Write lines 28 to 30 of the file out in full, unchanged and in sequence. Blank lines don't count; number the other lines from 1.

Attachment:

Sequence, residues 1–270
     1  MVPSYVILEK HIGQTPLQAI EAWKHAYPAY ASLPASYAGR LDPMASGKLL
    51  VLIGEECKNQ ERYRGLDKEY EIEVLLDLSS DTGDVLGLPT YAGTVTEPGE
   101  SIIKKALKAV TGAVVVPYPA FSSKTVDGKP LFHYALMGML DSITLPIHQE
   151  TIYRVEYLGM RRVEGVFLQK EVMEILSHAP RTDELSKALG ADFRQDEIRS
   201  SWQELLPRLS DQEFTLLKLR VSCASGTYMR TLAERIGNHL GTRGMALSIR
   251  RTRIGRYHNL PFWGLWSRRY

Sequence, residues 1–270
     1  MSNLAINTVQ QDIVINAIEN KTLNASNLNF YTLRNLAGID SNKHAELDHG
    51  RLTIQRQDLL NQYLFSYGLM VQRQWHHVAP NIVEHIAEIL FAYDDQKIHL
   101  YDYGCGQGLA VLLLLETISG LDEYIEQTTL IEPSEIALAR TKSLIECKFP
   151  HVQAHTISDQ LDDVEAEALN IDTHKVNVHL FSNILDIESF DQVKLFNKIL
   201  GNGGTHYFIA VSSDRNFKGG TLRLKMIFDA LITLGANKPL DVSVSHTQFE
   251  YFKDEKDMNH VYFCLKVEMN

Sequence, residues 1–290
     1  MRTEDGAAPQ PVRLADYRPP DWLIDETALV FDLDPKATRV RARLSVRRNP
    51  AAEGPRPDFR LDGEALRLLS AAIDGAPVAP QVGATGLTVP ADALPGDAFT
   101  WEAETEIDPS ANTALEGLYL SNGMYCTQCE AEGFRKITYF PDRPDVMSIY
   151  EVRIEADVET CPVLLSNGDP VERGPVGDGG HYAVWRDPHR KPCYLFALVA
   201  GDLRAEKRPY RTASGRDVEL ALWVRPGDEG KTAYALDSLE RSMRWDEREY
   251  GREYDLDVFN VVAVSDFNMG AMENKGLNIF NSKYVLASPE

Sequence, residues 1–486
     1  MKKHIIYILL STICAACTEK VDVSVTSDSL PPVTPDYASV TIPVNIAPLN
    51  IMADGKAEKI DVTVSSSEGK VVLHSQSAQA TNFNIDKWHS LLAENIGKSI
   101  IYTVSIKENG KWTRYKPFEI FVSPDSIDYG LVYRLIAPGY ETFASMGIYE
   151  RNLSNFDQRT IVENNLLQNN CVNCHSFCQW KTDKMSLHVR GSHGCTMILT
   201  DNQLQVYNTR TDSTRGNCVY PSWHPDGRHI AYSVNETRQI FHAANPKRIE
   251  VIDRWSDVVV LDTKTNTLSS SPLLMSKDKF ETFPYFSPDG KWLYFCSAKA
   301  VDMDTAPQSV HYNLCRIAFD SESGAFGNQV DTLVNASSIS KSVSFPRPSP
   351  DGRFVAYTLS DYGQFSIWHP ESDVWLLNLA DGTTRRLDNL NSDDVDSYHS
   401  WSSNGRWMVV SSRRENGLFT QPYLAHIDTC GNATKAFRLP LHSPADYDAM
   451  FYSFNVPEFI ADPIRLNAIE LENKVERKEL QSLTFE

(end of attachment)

   251  VIDRWSDVVV LDTKTNTLSS SPLLMSKDKF ETFPYFSPDG KWLYFCSAKA
   301  VDMDTAPQSV HYNLCRIAFD SESGAFGNQV DTLVNASSIS KSVSFPRPSP
   351  DGRFVAYTLS DYGQFSIWHP ESDVWLLNLA DGTTRRLDNL NSDDVDSYHS